In our Dev Phone 1 excitement last week, we somehow overlooked phoneWreck’s teardown of the T-Mobile G1. The complex slider mechanism is certainly worth looking out. One of the major oddities they point out is the inclusion of two vibration motors. One is mounted next to the SIM on the mainboard. While the other is mounted in the frame next to the earpiece. We wonder what was gained/solved by using two. The phone also includes a digital compass module. We’d like a more detailed explanation of how the Xilinx CPLD is used. From this article in 2006, it seems HTC uses them to generate custom clock signals and switching off devices for power management.
Google has new program to sell Android phones directly to developers. The Android Dev Phone 1 is both SIM-unlocked and hardware-unlocked. SIM-unlocked means you can use it on any GSM carrier you want. Hardware-unlocked means you can run any system you want on the phone, not just officially signed ones. No more need to worry about security patches taking away your root access.
The device is $399. You will need to purchase it through the Android Market as a registered developer (a $25 fee). We wonder how long before the unsigned bootloader starts getting flashed to T-Mobile phones.
Two new Android phones have surfaced recently which may prove just as friendly: the Kogan Agora Pro and the QiGi i6.
UPDATE: While shipping is free in US, it is incredibly expensive everywhere else. Yes, we bought one.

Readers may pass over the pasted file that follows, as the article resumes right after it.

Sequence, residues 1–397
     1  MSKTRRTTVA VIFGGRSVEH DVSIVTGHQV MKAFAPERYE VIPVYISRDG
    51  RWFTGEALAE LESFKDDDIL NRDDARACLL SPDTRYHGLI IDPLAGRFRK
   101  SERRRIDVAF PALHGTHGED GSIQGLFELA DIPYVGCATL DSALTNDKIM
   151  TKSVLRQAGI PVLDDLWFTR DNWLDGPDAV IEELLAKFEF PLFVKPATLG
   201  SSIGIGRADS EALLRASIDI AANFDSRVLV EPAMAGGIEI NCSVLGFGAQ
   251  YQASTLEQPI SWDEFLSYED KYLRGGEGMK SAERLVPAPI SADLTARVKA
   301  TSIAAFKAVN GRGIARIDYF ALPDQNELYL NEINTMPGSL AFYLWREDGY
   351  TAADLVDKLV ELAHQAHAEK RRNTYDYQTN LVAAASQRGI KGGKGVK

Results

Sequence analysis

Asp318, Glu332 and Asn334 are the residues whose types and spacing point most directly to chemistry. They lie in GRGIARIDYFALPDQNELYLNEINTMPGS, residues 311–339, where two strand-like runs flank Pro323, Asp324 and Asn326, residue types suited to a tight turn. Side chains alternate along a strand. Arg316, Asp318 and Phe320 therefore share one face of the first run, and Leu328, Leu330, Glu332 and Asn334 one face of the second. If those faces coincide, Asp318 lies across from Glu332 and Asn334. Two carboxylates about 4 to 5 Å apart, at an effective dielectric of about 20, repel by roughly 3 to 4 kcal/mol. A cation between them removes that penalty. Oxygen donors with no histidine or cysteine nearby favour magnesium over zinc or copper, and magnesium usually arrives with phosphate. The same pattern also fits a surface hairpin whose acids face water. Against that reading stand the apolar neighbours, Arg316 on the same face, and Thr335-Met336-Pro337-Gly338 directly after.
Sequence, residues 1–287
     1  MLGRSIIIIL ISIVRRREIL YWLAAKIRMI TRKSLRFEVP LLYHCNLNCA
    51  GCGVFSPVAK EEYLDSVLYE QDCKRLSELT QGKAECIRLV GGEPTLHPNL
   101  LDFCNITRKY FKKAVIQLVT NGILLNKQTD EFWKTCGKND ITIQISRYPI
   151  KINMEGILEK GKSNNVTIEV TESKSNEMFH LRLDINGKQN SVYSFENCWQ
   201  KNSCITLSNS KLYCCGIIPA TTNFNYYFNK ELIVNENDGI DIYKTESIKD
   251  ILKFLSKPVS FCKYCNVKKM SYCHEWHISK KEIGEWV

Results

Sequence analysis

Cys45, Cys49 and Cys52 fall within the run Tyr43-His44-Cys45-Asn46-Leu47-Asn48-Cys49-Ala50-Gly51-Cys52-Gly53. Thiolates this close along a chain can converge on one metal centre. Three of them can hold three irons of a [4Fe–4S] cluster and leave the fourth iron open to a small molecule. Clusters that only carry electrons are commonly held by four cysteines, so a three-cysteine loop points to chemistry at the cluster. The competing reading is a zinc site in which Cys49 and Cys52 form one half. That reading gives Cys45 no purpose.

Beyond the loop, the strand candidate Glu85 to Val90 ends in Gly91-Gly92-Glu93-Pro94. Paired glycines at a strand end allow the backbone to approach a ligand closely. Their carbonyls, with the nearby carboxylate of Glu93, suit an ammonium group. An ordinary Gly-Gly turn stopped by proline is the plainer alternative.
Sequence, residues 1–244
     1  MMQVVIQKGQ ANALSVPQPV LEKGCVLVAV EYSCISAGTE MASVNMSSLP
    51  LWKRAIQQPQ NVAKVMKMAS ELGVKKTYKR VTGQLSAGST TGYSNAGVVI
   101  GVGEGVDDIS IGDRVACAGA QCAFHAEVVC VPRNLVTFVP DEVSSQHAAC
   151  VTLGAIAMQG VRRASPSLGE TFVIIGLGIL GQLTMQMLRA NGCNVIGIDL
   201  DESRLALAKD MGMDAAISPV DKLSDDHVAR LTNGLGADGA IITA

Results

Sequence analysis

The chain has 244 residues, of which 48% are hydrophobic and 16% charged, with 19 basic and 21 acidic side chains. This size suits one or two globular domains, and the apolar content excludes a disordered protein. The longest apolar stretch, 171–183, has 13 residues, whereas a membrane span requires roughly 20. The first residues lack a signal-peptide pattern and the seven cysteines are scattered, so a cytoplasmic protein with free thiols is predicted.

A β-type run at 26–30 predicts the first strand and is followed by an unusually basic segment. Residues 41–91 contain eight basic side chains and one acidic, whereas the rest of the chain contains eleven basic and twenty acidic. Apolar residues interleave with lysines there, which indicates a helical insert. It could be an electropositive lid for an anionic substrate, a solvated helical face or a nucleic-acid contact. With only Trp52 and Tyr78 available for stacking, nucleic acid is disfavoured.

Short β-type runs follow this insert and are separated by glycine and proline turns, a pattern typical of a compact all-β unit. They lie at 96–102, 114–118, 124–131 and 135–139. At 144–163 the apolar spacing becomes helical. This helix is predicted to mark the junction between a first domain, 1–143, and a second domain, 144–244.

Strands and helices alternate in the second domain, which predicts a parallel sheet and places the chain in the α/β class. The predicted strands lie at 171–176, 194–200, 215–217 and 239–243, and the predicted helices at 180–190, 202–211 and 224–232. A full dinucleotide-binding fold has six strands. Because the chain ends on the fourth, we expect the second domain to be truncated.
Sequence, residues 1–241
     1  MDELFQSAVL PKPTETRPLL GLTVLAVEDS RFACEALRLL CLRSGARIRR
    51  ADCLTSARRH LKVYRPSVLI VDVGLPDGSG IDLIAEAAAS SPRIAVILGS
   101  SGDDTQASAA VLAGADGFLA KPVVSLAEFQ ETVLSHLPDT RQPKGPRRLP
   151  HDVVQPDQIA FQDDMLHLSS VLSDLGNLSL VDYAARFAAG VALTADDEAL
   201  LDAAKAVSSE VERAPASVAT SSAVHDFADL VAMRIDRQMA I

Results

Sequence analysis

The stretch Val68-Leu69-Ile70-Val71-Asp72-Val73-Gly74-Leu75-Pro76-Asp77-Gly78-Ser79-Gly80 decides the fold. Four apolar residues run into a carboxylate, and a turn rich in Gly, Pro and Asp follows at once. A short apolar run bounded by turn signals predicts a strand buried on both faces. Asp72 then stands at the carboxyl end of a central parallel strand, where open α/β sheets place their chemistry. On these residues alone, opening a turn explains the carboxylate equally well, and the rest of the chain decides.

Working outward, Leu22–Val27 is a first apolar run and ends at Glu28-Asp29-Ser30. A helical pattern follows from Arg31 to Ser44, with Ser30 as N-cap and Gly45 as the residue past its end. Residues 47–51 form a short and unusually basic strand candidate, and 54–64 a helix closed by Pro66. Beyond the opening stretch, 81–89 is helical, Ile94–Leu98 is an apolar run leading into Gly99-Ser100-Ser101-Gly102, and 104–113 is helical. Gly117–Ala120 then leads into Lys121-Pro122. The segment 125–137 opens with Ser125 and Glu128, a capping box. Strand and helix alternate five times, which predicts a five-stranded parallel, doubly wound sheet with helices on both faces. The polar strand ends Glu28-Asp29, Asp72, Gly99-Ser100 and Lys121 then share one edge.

Google has officially released the Android source code. While the T-Mobile G1 is being released tomorrow—some already have it—it is just one Android device. The availability of the source means that the platform could be port to almost any device. It’s a complete embedded Linux package and we’ve already seen it running on the N810. We can’t wait to see what hacks come out of this.
Engadget has a full gallery of the new HTC Dream, the first production phone running Android. It will be available on T-Mobile some time this Fall (missing features notwithstanding).
[Barry] needed some way to get serial output to help debug his efforts to port Linux to the HTC TytnII (Windows mobile Pocket PC phone). He wrote some code to send serial output via one of the LEDs on the phone and rigged up an AVR to pic up the output and provide a USB interface to the computer. It runs at about 200bps – perfect for the quick debug session.